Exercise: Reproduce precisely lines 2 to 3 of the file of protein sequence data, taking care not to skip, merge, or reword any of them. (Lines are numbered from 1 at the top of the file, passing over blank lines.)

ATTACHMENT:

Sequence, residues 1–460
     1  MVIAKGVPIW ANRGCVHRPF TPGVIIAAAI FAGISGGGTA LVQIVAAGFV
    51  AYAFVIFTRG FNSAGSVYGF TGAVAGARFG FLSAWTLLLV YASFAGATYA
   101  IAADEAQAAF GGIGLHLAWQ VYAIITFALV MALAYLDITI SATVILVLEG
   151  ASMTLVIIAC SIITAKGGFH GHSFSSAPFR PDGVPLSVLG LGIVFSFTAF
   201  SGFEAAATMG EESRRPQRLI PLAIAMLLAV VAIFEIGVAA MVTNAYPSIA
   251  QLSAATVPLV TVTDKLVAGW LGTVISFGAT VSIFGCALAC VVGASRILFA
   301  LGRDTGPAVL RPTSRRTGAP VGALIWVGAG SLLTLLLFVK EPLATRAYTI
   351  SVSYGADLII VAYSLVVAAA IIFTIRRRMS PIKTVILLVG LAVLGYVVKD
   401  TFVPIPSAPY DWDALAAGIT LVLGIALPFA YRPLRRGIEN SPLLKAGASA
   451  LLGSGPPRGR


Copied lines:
     1  MVIAKGVPIW ANRGCVHRPF TPGVIIAAAI FAGISGGGTA LVQIVAAGFV
    51  AYAFVIFTRG FNSAGSVYGF TGAVAGARFG FLSAWTLLLV YASFAGATYA